A boat can be a simple vessel or it can be a complex wonder, full of modern navigational gadgets and instruments. But whatever be the complexity, a few of the many different parts of a boat will be common across the various makes and builds. It pays to know the different parts and understand the functions of each as well as their interactions.
Every boat has a hull. The hull of a boat is an internal structure of frames that run transverse, from side to side and also traverse longitudinally the length of the boat. An outer shell, usually made of steel or fiberglass, covers and protects the internal structure. Below the boat, running along the bottom center, is a keel. This is the backbone of the boat. The boat is kept right-side up by the ballast of the keel. It also prevents sideways motion of the boat by the wind.
The front part of the boat is the bow, the rear part is the stern. When the boat moves on water, the front part lifts with the waves instead of cutting through them, and this is because of the special shape of the bow. A boat’s buoyancy and displacement depends on the shape of the hull. Increased displacement is caused by a large flare of the hull. Buoyancy also depends on the shape of the deck, which is curved from stem to stern.
Moving towards the front part of the boat, or bow, is said to be going forward. Moving towards the rear of the boat, or stern, is going aft. A moving boat is said to being underway. A forward moving boat is moving ahead. When the boat moves backwards, it is going astern. The entire right side of a boat is called the starboard side, the entire left side is called the port side.
Starboard bow is the front right side of the boat. Port bow is the front left side. Starboard quarter is the boat’s right rear and port quarter is the left rear. Central part of the boat is called amidships. Starboard beam is the right center side of the boat, while the port beam refers to the left center side.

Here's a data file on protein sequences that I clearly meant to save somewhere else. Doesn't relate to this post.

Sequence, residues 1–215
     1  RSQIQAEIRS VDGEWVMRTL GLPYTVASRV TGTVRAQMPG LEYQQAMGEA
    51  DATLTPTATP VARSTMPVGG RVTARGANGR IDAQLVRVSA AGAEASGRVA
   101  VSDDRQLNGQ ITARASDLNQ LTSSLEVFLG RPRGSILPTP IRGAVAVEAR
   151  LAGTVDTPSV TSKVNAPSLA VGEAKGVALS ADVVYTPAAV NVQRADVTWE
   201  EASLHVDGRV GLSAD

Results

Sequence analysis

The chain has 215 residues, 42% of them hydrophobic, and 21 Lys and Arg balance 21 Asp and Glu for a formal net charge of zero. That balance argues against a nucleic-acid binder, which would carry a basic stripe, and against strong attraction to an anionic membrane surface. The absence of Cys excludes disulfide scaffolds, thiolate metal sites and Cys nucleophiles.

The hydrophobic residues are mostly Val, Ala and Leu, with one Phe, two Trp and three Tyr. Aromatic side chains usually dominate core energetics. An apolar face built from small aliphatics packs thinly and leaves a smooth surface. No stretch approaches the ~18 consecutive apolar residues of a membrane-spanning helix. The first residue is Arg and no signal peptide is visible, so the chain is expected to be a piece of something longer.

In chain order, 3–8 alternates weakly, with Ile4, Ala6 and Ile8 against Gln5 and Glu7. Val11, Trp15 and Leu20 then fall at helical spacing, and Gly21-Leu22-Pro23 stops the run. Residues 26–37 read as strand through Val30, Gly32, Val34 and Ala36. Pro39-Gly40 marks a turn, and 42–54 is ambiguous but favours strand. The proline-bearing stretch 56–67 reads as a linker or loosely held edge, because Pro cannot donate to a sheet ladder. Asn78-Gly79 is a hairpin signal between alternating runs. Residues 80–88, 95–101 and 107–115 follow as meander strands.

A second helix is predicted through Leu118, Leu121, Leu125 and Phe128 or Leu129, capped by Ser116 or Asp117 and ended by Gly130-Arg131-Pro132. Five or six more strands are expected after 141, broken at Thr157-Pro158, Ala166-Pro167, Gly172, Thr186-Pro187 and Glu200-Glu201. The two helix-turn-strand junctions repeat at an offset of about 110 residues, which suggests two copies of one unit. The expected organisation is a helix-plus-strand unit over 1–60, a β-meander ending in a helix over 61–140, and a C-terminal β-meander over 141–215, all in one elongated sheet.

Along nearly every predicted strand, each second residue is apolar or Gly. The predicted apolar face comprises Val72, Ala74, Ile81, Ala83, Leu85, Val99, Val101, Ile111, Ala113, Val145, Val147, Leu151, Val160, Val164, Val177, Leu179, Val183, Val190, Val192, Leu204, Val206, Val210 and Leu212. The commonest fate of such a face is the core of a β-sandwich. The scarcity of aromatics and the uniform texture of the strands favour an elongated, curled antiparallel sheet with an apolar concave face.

Boats can be manually propelled by oars, or by an on-board engine. The engine drives one or more screw propellers, which are positioned at the rear of the boat, under the water level. For steering, a boat uses a rudder. Another method of propulsion is using the power of the wind.
A piece of fabric called the sail is rigged to the mast. The sail catches the wind allowing it to propel the boat. The bottom of the sail is fixed to the boom which is capable of swinging across the boat. This arrangement facilitates control over movement of the sail. Direction from which the wind blows is called the windward and the direction against the blowing wind is the leeward.
The best way to get to know the different parts of a boat, is to get inside one. It is easy to locate all the different parts mentioned above and understand quite clearly as to what they are used for. Cruisers and large yachts are much more complicated and require more skills. Smaller dinghies are easier to handle.